john

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    1. I've had madeleine's in France and England. All somewhat different tasting although baked in the same shaped mold. All considerably superior to what Lenell had on offer.

      Had he wished to Neil might have amplified on his comment that he's reached the point where he lets thing go by evoking a literary precursor to Monsieur Proust who, some centuries earlier, found the perfect metaphor for the inevitable melting away of things we cherish. Writing not about cookies but famous women, Fran├žois Villon asked after each verse of his "Ballad of the Ladies of Times Past," "Where are the snows of yesteryear?"

      Tom Evans

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    2. Thanks, Tom, for the "Ballade." I looked it up and listened to it set to music. Enchanting!

      john

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  5. Compared to my grandmother's homemade cookies of similar design, Lenell's taste like sawdust. I won't miss them at all.

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    1. I wasn't a huge fan of them. They all tasted like compacted sugar. But sometimes that's a good thing.

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  6. Growing up in Elmwood Park I can remember Saturday morning trips down to Lenells to get cookies, and standing mesmerized nose stuck to the glass watching the conveyor belt carry those cookies round and round.....and the heavenly scent which could be enjoyed for blocks! I can still hear my mom saying "they're cooking today!"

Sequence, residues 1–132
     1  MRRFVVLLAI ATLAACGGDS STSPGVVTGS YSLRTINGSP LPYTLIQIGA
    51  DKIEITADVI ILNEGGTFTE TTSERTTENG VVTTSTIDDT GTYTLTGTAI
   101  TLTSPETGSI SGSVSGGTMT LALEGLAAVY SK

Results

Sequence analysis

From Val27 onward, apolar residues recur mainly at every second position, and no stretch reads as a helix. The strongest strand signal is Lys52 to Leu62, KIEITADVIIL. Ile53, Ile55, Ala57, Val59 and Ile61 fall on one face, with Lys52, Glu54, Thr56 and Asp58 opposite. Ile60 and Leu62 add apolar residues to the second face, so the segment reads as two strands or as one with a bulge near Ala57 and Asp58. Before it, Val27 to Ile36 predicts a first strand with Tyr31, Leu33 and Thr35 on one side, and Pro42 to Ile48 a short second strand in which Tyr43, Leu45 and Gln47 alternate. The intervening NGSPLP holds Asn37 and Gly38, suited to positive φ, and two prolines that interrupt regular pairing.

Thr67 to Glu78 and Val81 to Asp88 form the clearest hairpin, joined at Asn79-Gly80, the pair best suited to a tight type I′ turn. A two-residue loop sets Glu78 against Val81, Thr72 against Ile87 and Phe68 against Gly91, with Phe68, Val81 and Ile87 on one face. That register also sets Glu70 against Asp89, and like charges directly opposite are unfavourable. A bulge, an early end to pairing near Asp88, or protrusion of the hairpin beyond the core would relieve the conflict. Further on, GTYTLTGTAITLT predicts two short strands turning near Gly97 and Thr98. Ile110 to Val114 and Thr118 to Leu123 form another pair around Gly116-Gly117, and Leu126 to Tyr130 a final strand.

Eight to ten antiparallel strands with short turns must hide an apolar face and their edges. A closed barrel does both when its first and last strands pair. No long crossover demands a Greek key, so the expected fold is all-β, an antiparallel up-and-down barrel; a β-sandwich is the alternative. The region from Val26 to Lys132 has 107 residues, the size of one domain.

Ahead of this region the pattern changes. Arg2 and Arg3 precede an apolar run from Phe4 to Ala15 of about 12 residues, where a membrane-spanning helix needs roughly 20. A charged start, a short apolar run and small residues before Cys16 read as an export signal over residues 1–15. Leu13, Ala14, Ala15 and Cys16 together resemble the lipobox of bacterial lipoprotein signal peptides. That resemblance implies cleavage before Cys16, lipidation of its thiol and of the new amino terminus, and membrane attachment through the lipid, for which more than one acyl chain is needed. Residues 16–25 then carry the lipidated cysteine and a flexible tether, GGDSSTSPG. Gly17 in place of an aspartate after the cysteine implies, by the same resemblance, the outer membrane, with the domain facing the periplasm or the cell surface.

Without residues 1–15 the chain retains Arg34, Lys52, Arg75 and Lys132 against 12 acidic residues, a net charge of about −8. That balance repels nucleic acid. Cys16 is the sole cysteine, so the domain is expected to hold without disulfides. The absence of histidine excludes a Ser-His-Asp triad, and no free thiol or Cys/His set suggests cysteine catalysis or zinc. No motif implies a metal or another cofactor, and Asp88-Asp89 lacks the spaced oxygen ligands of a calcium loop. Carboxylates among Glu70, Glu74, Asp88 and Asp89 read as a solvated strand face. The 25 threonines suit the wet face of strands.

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  7. My dad used to talk about hot cookies or crackers right off the conveyor belt at Nabisco on Kedzie. Good thing he never became overweight or diabetic, but he was never hungry for dinner when he got home. He always came home with treats. In the blizzard of '67 when he was trapped there for 2 days, no one went hungry.

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    1. That wouldn't be the same plant where Mondelez (the current owner) is laying off 600 people, would it?

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    2. Edit to above: Yes, it is. Good thing your dad retired when he did.

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    3. Yes, that is the one. They prefer to ship some jobs out now. He retired early in 1989.

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    4. During the later Nam war years the overtime was nonstop due to a gov't contract they had with cookie packets provisions for the soldiers.

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  8. I think the descriptions of the Lenell cookies, by both Neil and the commenters, are pretty accurate. To me, Lenell is a classic victim of middle-of-the-road syndrome: Not bad enough to be really cheap, and not good enough to be gourmet.